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Could Divorce Actually Benefit Your Immigration Case? 3 Surprising Facts About Immigration & Divorce

impact of government shut-down on immigration

It’s rare that we talk about divorce as a situation that can actually benefit an immigration case. As an immigration and divorce attorney, so much of my time and attention is spent untangling the impossibly complicated webs created when divorce is intertwined with immigration. However, there are some circumstances under which divorce can actually benefit an immigration case. If you find yourself in any of these circumstances, be thankful—divorce doesn’t always reap positive rewards for immigrants!

1. If you are a married son or daughter of a U.S. citizen

If your parents are U.S. citizens and petitioned for your permanent, legal residence while you were married and over the age of 21, then your divorce could actually decrease your wait time—by a lot. Green card wait times for married adults who are sponsored by their citizen parents can be as long as 22 years. However, for single adult children of citizens, the wait time is, on average, 10 years shorter. If you’ve already been waiting a while, don’t worry—your wait time doesn’t restart when your marital status changes.

2. If you are a married son or daughter of a permanent, legal resident

If you are married, your green card holding parents cannot petition for your permanent legal residence. However, if you become single, your parents can file a petition for your green card. If you are over 21, they can file under family based second preference (F2b) category, and if you are under 21, they can file under family based second preference A (F2a) category.

3. If you are a conditional legal permanent resident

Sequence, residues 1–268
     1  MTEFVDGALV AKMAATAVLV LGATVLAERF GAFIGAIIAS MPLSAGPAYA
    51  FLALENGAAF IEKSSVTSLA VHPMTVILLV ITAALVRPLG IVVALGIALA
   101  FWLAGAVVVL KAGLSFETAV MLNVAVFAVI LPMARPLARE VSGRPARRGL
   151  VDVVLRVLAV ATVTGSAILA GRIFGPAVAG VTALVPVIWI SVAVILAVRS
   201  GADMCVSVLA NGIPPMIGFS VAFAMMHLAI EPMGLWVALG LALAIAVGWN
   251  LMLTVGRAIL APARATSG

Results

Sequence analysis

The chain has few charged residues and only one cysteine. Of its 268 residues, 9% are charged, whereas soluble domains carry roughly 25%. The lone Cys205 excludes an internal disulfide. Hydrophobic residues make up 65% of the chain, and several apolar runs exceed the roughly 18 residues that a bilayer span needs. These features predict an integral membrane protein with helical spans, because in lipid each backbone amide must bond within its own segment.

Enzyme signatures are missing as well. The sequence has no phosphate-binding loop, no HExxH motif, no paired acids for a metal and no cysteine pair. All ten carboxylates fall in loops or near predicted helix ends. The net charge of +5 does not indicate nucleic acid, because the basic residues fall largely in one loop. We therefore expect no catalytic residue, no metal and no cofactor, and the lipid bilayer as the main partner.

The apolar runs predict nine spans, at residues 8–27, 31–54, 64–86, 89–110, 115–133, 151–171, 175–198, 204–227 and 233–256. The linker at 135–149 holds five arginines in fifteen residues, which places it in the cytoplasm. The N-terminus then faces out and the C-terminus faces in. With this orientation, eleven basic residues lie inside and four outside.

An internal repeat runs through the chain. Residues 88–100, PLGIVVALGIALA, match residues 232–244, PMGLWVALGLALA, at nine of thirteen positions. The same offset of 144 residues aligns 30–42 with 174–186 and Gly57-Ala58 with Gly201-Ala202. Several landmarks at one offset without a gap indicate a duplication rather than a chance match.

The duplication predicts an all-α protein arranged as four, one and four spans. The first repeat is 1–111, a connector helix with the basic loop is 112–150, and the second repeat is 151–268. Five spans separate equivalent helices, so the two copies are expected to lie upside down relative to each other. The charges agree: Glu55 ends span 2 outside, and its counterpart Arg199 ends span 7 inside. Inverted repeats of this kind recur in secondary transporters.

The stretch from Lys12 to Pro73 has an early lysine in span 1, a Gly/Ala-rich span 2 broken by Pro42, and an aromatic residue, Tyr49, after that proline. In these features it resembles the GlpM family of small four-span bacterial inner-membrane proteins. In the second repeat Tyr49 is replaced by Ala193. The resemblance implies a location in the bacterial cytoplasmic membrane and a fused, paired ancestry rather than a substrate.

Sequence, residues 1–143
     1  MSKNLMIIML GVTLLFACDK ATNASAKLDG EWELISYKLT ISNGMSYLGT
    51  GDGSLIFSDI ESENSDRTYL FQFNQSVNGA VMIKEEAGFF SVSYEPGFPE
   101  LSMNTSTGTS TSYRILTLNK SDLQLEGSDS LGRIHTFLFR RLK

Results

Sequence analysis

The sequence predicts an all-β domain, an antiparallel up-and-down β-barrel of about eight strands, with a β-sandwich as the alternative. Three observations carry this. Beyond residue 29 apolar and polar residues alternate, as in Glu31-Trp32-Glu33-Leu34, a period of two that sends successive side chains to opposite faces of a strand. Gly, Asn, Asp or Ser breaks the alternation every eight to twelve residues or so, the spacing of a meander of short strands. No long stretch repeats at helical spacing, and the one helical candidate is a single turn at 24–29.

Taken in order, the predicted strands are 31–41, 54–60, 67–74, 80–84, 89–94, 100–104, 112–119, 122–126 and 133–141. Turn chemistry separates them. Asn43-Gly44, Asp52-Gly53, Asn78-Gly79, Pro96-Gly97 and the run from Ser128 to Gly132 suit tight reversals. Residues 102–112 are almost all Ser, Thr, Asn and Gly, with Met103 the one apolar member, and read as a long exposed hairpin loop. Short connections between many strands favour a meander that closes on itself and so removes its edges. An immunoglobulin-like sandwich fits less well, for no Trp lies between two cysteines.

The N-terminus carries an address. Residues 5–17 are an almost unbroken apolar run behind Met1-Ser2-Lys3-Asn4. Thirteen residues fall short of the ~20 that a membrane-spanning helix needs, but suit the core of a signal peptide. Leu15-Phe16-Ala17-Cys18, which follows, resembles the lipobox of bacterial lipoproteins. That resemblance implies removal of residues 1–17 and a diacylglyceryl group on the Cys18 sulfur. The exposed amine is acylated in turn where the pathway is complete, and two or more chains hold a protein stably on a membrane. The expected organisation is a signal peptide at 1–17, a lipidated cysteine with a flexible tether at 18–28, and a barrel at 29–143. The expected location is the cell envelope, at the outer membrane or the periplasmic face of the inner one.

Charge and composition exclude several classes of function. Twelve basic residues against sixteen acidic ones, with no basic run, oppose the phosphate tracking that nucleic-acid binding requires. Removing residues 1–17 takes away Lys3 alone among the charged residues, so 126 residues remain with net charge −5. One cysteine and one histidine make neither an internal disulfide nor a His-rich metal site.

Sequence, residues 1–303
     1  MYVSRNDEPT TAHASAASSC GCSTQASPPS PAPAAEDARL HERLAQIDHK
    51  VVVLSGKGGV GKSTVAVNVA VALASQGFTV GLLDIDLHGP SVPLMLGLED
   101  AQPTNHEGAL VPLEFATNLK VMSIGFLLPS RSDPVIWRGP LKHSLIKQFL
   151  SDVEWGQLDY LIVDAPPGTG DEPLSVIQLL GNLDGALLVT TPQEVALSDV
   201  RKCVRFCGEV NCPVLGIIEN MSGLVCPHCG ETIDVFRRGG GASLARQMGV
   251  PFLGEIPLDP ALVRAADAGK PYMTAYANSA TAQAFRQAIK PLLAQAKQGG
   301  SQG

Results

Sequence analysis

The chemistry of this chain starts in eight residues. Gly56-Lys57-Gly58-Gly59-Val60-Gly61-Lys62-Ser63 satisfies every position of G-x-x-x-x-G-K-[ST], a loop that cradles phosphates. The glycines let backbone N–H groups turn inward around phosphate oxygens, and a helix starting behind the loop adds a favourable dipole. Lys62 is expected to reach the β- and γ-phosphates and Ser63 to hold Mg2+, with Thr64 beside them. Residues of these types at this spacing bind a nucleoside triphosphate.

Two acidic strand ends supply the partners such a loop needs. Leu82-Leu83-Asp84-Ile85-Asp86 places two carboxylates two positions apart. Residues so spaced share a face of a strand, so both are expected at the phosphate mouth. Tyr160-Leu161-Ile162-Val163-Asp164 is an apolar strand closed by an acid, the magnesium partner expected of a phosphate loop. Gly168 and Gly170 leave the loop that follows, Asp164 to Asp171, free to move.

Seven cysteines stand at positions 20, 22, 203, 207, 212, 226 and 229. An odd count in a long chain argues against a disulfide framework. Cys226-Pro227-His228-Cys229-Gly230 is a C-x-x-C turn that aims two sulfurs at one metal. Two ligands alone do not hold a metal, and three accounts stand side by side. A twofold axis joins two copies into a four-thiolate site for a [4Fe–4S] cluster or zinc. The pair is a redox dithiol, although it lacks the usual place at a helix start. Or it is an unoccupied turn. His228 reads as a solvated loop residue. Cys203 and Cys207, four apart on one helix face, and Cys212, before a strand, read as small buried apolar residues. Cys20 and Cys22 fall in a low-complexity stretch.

If you obtained your green card through a marriage-based petition filed by a U.S. resident spouse, your conditional legal permanent residence is valid for only two years. If you and your spouse did not file a joint petition to remove this condition upon getting married, it may be difficult to get your spouse to cooperate if your marriage goes south. If you file for divorce before the two years is up, you will have a chance to file for a waiver which would allow you to extend your legal permanent resident status in one year increments, until a final decision is made about your divorce case.

In Ohio, to file a no-fault divorce, you must be able to prove that you and your spouse have been living apart for at least one year, and are incompatible with each other. Otherwise, you will need to file for divorce using fault—and be prepared to prove your argument.

The safest bet, if your immigration status could be impacted by divorce, is to contact an immigration, divorce, or family law attorney who an guide you through the process in the most seamless way possible. I am one of Cleveland’s most compassionate immigration and divorce attorneys—I would love to help you achieve your desired outcome.

Have a Question? Ask Away!

If you have a question about your immigration or divorce case, just ask! I’m happy to answer one question for you—completely free of charge! Just complete the brief form below and I’ll reply with an answer shortly.

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